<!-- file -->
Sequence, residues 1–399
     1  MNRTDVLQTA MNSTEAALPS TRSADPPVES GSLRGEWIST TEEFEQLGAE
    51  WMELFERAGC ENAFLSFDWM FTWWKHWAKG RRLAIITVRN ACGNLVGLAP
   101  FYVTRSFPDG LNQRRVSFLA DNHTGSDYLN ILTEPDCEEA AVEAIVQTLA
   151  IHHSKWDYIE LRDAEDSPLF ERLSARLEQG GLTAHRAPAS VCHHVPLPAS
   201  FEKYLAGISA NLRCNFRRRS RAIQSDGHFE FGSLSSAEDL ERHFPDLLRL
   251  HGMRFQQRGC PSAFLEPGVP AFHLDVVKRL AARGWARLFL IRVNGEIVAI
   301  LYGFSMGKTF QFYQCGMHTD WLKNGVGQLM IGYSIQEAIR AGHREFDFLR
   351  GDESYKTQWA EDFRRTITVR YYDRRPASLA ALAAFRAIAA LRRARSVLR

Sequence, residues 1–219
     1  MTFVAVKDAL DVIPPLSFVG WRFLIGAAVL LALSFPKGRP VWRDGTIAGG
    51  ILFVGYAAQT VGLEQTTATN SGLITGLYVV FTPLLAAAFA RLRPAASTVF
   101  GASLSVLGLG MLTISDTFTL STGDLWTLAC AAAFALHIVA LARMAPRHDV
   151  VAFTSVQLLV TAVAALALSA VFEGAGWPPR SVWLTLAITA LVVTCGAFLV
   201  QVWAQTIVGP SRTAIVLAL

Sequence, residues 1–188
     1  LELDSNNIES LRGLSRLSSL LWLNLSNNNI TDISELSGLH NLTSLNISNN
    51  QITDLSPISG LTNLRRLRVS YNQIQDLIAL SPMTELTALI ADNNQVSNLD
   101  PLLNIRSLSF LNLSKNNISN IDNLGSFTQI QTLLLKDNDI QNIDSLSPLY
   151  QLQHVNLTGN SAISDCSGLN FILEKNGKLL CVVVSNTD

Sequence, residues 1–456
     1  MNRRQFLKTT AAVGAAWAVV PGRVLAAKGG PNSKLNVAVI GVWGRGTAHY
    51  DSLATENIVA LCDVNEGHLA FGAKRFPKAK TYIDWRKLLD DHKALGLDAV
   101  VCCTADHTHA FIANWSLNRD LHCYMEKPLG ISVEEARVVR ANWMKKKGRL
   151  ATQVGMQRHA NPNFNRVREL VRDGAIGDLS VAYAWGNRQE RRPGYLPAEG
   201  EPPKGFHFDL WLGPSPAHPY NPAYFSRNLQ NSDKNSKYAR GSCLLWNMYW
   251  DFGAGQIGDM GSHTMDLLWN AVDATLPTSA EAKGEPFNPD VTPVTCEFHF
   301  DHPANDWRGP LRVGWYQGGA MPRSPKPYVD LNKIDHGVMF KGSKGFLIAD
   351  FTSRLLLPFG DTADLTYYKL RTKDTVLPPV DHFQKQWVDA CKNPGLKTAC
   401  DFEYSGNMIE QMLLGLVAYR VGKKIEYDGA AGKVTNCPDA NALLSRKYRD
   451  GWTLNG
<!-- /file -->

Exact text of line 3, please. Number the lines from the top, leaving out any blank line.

    51  WMELFERAGC ENAFLSFDWM FTWWKHWAKG RRLAIITVRN ACGNLVGLAP